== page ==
I can’t believe this but when I changed blogs I lost my original piece about the Shoe House in York, PA. Well, this will give me another chance to tell you how wonderful it is! I wanted to include it in my first book on small museums, but in its past incarnations the Shoe House never really qualified as such—it was more roadside America post-World War II architecture tourist attraction. Now, finally, it is what I have always believed it was meant to be.
Mary the Photographer and I haven’t been on the road much lately (not nearly enough!) so there hasn’t been much to write about. Today, though, we decided it was time to open the sunroof and head somewhere. When I found out that she—proud native of West York, PA—had never toured the Shoe House, I couldn’t believe it. I had to right that wrong. When I lived on the east side of York, I took every house guest I could to see it. If it wasn’t open, I just pulled the car up so they could look at it.
The Shoe House was built in 1948 by the Shoe Wizard, Mahlon Haines. Quite the entrepreneur, he owned a shoe company and used every opportunity to promote his business—cosmetic mirrors, fans, pencils—but his most ingenious idea was to build a shoe for people to stay in. Hence the Shoe House, a three-bedroom, two-bath architectural wonder, a honeymoon haven for lucky couples chosen by Haines.
I often toured the house in the 1990s and 2000s, as friends came to town and I said, “You have to see the Shoe House!” Tour guides and the accompanying stories changed as the house changed hands. At one point Haines’s own granddaughter owned it. Some of my favorite tours were done by Ruth Miller, who was passionate about York County history and feared that if she didn’t rescue it someone else would buy it and move it out of town.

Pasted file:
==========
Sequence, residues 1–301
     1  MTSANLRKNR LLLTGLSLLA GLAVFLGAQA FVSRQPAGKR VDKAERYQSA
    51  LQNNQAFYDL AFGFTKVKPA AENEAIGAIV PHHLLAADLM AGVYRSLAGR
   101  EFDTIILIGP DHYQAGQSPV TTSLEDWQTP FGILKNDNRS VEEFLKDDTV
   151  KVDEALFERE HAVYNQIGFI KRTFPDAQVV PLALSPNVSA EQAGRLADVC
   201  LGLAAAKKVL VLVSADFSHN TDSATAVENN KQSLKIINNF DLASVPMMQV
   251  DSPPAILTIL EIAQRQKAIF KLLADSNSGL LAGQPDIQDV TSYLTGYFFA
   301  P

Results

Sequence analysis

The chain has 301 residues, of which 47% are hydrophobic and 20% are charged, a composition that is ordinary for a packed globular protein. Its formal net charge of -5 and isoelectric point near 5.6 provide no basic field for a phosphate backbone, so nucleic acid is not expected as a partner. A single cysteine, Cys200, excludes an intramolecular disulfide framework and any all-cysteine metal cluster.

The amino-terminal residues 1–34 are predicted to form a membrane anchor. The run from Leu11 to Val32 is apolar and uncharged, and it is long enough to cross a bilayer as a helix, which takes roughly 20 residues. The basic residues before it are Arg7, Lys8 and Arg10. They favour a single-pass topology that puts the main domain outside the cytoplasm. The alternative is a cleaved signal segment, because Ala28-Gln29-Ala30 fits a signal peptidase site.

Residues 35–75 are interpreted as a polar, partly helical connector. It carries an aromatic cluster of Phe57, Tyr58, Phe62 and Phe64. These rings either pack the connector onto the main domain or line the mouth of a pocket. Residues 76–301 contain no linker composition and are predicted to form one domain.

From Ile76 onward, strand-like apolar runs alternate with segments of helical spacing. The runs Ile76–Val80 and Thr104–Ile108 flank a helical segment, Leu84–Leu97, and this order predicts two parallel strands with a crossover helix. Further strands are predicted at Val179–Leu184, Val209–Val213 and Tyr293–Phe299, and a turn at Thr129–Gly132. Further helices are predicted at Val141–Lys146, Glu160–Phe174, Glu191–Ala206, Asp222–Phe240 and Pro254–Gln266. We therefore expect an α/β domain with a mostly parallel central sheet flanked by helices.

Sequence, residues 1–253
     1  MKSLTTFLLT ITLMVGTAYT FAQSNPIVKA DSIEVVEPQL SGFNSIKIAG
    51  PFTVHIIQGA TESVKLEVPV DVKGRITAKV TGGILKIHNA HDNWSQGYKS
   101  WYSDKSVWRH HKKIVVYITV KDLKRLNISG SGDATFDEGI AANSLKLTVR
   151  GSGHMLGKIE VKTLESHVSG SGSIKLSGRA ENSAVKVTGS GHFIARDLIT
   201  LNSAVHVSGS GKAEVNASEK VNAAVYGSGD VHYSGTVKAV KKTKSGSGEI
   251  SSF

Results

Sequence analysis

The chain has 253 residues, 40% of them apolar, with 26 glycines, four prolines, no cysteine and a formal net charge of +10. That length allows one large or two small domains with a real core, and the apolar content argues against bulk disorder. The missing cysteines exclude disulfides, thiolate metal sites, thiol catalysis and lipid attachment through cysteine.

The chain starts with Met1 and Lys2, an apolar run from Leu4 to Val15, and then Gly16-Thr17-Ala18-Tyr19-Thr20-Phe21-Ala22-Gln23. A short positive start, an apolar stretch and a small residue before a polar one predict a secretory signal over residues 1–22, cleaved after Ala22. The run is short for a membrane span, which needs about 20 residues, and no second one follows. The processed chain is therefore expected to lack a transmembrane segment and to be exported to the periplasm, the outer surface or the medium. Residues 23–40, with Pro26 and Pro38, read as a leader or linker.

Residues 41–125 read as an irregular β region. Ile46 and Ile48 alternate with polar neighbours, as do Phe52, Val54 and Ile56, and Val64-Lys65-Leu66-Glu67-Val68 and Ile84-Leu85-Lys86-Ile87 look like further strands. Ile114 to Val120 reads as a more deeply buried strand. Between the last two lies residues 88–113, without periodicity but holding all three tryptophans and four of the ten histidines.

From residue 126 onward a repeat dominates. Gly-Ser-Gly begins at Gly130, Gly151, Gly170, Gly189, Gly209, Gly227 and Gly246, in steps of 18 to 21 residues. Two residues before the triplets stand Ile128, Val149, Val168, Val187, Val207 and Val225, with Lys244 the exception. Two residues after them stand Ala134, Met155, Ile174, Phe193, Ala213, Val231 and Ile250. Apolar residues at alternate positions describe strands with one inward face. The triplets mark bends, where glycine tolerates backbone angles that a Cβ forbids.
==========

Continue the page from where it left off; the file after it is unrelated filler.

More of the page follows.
Today the Shoe House is owned by Melanie and Jeff Schmuck. In addition to Beck’s ice cream, Melanie has added other goodies, all for sale in the heel, a cheerful spot with tables and photos of the Shoe through history. The tour starts in the wonderfully decorated living room and ends in the kitchen; I won’t give it all away, but visitors should take the time to look at the photographs on the walls, the artifacts on display (what makes it a "museum"). One shadow box contains a metal box, a pencil, and some cosmetic mirrors gifted to the Shoe House from a 90-some-year-old neighbor who said she watched the Shoe House being built! Photos include pictures of some of the first honeymooners in the Shoe.
The latest incarnation of the Shoe House is both popular and loved; when Mary and I visited, we were with a woman who was pleased to have recently found one of the Shoe Wizard’s metal boxes at a flea market. We had to wait for a tour to finish and there was another group right after us—on a weekday! It was a gorgeous day and we spent time talking with Melanie and walking around outside to take pictures. After our tour, we treated ourselves to a wonderful lunch at the Blue Heron, just down the road. (El Serrano is right nearby as well!) If you haven’t filled up on goodies, either one is an excellent choice. But you have to see the Shoe House!
Photo of kitchen by Mary Brenner